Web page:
The increased funding will underpin a range of commercially viable projects to create greater value for our native timber resources, while developing new opportunities for our expanding plantation base. The Bill will ensure continuing investment in forest R&D, particularly for whole-of-chain, national and strategic research.

The Bill simply but effectively removes an anomaly that has existed in R&D funding under the Primary Industries and Energy R&D Act 1989 since 1994. It does not affect the arrangements for all the other R&D Corporations under the Primary Industries and Energy R&D Act.



I am pleased to introduce the Sydney Airport Demand Management Amendment Bill.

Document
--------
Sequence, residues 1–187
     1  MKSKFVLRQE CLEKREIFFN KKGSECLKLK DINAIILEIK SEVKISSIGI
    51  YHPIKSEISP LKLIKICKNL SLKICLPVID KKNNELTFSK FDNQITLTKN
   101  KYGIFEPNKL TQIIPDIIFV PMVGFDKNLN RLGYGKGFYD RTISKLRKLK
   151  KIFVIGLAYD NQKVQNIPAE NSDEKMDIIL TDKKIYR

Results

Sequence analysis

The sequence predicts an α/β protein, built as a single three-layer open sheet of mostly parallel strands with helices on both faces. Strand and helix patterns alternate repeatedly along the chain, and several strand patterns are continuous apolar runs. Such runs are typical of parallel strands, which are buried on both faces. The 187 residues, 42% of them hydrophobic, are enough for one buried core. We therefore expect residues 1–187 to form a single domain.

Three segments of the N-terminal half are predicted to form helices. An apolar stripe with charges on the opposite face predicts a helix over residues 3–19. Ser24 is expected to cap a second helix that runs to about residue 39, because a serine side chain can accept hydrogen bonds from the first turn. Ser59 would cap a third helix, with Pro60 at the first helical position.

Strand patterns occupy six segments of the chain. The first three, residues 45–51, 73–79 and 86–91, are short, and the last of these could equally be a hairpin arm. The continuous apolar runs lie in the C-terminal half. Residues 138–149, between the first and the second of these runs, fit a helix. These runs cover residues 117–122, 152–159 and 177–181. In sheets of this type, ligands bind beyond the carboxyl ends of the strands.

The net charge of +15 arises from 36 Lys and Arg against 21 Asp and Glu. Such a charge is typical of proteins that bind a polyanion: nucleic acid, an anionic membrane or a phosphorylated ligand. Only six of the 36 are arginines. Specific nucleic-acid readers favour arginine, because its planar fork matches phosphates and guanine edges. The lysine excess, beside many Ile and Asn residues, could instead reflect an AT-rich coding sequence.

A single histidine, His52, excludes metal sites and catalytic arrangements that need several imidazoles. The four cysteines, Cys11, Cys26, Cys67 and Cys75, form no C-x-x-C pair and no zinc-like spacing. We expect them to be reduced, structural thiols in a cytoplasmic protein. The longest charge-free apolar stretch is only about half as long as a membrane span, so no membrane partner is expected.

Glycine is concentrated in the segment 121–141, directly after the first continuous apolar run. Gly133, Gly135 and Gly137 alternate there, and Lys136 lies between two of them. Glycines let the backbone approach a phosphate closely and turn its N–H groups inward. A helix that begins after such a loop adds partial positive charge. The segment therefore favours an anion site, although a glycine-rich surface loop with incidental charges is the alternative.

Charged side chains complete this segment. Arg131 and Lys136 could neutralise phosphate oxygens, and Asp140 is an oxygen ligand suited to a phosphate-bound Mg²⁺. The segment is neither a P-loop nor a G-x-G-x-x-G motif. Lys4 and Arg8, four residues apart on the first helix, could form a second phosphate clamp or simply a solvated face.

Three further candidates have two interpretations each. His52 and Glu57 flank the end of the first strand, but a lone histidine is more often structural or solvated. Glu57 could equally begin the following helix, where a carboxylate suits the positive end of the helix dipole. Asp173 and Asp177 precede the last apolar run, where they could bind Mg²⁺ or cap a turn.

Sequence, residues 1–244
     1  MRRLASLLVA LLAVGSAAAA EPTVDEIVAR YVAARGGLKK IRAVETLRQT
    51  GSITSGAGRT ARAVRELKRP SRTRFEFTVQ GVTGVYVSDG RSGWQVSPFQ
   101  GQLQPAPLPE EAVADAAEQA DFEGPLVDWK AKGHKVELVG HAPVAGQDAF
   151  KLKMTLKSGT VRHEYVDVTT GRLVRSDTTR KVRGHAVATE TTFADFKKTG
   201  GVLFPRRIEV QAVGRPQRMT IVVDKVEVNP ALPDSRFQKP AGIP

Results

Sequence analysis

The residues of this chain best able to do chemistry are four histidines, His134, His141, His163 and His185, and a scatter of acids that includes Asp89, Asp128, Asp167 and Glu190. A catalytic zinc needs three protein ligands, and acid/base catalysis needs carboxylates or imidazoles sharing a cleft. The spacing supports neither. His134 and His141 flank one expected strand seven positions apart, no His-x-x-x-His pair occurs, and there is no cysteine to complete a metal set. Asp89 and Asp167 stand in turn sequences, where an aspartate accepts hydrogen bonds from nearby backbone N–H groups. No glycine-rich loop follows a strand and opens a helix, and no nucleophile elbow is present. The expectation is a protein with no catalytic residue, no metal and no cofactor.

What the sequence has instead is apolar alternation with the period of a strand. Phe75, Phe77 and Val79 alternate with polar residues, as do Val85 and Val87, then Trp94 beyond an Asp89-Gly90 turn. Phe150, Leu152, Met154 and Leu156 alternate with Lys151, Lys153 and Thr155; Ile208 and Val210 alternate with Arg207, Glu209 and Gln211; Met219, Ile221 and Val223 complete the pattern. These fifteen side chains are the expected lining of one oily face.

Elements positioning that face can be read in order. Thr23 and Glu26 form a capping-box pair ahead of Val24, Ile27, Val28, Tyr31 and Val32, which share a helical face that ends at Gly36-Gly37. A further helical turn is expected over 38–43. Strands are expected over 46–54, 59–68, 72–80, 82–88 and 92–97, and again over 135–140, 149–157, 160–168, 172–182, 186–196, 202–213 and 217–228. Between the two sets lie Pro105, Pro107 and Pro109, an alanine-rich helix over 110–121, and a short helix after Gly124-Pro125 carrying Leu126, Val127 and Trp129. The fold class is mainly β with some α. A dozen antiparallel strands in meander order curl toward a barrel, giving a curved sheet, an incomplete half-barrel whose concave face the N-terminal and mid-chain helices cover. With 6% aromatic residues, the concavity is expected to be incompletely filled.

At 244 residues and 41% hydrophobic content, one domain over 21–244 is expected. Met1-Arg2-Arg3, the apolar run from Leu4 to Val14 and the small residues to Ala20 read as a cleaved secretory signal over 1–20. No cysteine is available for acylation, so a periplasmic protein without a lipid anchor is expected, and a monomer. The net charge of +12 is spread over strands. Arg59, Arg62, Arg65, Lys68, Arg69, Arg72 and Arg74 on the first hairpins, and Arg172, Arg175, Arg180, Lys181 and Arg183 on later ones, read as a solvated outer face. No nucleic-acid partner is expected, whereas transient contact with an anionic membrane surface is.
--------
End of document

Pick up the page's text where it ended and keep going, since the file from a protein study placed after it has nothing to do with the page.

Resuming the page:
The Bill will make a minor change to the Sydney Airport Demand Management Act 1997, which will underpin the amendments to the Slot Management Scheme that the Government announced on 13 December 2000. The Scheme is a disallowable instrument made under section 40 of the Act. The Bill will ensure that the amended Scheme is not subject to Part IIIA of the Trade Practices Act 1974.

The Government has concluded that Sydney Airport will be able to handle the air travel demand over the next ten years. The advantages of operating to the airport are so great that the airlines will adopt aggressive commercial strategies to maximise their use of the airport.